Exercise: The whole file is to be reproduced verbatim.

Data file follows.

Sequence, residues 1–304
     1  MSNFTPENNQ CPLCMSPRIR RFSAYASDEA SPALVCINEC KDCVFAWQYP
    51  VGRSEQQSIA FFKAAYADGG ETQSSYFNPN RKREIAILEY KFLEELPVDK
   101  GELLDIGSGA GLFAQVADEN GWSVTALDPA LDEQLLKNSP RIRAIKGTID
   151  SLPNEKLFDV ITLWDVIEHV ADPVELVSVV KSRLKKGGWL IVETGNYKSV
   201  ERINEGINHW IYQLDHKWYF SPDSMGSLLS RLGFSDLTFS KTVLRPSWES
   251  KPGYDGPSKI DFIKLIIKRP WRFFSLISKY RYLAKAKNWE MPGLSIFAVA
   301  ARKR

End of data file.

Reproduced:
Sequence, residues 1–304
     1  MSNFTPENNQ CPLCMSPRIR RFSAYASDEA SPALVCINEC KDCVFAWQYP
    51  VGRSEQQSIA FFKAAYADGG ETQSSYFNPN RKREIAILEY KFLEELPVDK
   101  GELLDIGSGA GLFAQVADEN GWSVTALDPA LDEQLLKNSP RIRAIKGTID
   151  SLPNEKLFDV ITLWDVIEHV ADPVELVSVV KSRLKKGGWL IVETGNYKSV
   201  ERINEGINHW IYQLDHKWYF SPDSMGSLLS RLGFSDLTFS KTVLRPSWES
   251  KPGYDGPSKI DFIKLIIKRP WRFFSLISKY RYLAKAKNWE MPGLSIFAVA
   301  ARKR